How to solve the uninsured deposit problem

Kevin Bannerton

In the current environment, cash has proven to be a smart investment, offering competitive rates and relatively low risk.

The recent failures of Silicon Valley Bank and Signature Bank, however, have reminded cash investors that “low risk” does not mean “no risk”, highlighting the importance of safety of principle and access to liquidity when considering investment alternatives.

Kevin Bannerton of R&T Deposit Solutions explained how you can safeguard large sums of client cash with FDIC insurance, even if those sums exceed the FDIC limit of $250,000. Bannerton is Executive Vice President, Head of Wealth Management, for R&T, and he chatted recently with Cheetah about how R&T is addressing the uninsured deposit problem. 

Why is cash so attractive right now?

Kevin: There are two reasons. There is a lot of volatility in the market right now, a lot of uncertainty, and fears of a recession. And then you have an inverted yield curve where you’re not getting paid to take duration risk. So instead of investing in a one-year Treasury bill that’s below the overnight rate, you’re actually better off and you can earn more by keeping money in a liquid investment. So, from a rate perspective, it’s more competitive.

How does R&T solve the problem of uninsured cash deposits?

Kevin: We have created a network of participating banks, trust departments, credit unions, and other financial institutions called the Demand Deposit Marketplace. Cash balances in your customers’ accounts are sent daily into the DDM program. The DDM program then allocates these balances to deposit accounts at FDIC-insured banks in increments below $250,000 so that your customers’ balances are FDIC-insured up to the program limit.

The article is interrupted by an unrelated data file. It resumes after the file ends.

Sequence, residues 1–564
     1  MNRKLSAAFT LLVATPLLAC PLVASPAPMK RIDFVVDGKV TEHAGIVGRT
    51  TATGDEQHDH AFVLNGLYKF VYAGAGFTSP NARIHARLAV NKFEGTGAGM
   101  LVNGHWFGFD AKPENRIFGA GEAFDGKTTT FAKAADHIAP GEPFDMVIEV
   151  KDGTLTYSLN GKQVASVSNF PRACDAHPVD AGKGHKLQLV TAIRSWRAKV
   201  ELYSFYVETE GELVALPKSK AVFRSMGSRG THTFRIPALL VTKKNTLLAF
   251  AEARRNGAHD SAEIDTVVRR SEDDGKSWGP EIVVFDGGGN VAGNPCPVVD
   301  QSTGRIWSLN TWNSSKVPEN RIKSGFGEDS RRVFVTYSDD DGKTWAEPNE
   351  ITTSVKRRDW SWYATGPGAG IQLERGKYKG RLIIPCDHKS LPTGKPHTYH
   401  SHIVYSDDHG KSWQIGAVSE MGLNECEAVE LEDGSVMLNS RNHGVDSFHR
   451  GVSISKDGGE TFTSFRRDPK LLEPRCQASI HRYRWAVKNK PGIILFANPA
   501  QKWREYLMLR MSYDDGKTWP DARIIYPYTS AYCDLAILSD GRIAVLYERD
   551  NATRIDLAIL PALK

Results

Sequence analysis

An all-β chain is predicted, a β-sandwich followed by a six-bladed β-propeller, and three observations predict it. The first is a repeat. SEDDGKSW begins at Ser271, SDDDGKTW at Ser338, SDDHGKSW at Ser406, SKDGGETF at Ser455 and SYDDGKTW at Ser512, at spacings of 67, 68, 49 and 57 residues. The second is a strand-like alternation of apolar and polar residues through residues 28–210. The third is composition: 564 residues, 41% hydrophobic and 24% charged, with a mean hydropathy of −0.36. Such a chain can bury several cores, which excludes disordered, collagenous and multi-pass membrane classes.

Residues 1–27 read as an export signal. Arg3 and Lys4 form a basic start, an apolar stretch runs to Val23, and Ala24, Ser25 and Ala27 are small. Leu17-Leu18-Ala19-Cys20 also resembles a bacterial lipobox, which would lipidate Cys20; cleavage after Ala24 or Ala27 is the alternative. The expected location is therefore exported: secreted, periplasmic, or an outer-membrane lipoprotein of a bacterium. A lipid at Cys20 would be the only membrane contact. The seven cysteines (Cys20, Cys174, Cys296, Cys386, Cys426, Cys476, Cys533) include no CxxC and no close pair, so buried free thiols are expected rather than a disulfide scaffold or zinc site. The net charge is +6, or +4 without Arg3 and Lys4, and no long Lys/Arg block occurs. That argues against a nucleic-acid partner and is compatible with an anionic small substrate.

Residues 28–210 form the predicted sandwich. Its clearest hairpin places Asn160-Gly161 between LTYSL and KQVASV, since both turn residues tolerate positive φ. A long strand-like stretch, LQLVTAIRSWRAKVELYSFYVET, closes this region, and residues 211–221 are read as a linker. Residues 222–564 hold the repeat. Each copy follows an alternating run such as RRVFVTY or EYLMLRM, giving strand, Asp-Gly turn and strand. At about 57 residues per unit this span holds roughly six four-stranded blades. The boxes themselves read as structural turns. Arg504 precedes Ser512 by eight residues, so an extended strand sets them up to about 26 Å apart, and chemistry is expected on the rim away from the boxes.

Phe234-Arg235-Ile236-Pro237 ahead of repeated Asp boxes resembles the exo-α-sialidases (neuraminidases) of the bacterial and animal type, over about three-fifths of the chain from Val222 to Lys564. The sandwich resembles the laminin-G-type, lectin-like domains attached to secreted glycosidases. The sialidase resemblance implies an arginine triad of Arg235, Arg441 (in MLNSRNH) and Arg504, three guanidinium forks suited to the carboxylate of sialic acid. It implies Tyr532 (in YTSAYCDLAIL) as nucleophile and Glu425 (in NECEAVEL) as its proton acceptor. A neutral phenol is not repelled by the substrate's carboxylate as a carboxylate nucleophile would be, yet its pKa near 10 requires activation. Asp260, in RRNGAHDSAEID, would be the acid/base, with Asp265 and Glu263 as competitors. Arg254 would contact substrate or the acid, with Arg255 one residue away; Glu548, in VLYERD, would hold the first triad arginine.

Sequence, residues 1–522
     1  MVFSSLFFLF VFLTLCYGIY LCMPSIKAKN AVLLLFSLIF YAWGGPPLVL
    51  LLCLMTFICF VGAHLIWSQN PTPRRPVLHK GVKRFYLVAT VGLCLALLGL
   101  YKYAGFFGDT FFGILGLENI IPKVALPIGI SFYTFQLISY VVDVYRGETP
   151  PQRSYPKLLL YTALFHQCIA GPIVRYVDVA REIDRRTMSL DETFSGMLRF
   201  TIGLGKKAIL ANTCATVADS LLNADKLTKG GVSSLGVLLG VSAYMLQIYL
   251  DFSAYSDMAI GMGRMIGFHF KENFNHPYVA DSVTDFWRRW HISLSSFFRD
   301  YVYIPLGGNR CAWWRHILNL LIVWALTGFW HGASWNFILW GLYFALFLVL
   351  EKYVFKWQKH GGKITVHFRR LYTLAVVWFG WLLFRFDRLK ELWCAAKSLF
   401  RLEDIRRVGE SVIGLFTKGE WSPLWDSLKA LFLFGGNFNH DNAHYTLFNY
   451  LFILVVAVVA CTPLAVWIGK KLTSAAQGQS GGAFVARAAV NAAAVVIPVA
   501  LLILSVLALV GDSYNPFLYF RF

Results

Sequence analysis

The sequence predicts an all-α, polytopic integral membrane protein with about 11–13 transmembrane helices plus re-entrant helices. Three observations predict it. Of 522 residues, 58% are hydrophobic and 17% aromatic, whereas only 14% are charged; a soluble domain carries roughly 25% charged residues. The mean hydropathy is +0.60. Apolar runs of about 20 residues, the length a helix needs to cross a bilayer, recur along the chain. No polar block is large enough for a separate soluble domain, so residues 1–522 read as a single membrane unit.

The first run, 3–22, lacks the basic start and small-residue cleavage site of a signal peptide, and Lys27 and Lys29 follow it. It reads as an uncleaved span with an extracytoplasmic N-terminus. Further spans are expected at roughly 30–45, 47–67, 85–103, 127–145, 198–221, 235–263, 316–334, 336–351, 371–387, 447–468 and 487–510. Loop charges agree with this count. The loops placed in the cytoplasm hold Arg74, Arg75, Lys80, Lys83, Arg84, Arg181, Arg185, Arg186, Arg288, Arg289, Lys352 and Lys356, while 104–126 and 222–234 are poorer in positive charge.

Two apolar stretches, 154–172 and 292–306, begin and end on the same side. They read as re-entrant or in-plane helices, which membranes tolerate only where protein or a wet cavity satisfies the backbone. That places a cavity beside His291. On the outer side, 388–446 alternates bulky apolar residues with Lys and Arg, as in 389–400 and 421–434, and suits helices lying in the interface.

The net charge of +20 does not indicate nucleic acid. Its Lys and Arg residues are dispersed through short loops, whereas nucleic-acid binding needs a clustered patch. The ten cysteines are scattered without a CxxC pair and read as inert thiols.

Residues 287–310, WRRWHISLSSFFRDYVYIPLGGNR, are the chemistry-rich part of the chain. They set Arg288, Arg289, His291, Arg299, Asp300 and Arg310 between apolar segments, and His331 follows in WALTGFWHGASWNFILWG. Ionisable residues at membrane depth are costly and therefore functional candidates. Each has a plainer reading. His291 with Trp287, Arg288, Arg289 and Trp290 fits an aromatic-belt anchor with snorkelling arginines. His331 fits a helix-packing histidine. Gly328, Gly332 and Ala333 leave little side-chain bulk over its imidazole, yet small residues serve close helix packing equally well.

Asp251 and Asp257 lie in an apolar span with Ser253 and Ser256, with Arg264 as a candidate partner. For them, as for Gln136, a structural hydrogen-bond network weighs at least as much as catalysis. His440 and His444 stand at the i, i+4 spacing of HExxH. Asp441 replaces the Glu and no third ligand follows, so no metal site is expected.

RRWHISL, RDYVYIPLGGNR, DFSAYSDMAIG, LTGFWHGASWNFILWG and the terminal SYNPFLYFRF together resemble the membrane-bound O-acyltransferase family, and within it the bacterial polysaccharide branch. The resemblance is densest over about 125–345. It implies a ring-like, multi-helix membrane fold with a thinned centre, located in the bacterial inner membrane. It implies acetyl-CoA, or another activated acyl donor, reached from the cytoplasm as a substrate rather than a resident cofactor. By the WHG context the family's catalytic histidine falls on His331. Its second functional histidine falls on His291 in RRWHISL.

We can insure more than $50 million per tax ID. This is great for consumers, but it also presents an opportunity for smaller banks and community banks. They can choose to be a receiving institution and they get stable deposits on-demand, and they get access to deposit funding that they may not get through retail channels one deposit at a time.

How prevalent is this type of solution among financial institutions right now?

Kevin: If there are 3,000 to 3,500 banks in the country, there are probably about 1,000 that utilize this type of a program. Among independent trusts, I would guess the adoption rate is probably around 20-25 percent.

Overall, we’ve achieved those early adopters and we’re moving more to the mass market.

This sounds like a win-win for everyone. Why isn’t the adoption rate 100 percent already?

Kevin: It’s education and awareness. We need to increase awareness and make sure that people understand that these programs are available.

But we saw a tremendous spike in interest after Silicon Valley bank failed. At SVB, for example, most of the deposits that withdrew quickly were core deposits. The bank perceived them to be stable because they were core deposits. But they turned out not to be. So, it really was an issue of insured versus uninsured as opposed to core versus brokered.  

Among trusts, what we are seeing is that there is still a strong utilization of money market funds. But our rates are generally more competitive than government money market funds, and you remove any of the market risk. So, again, it comes down to education and awareness.


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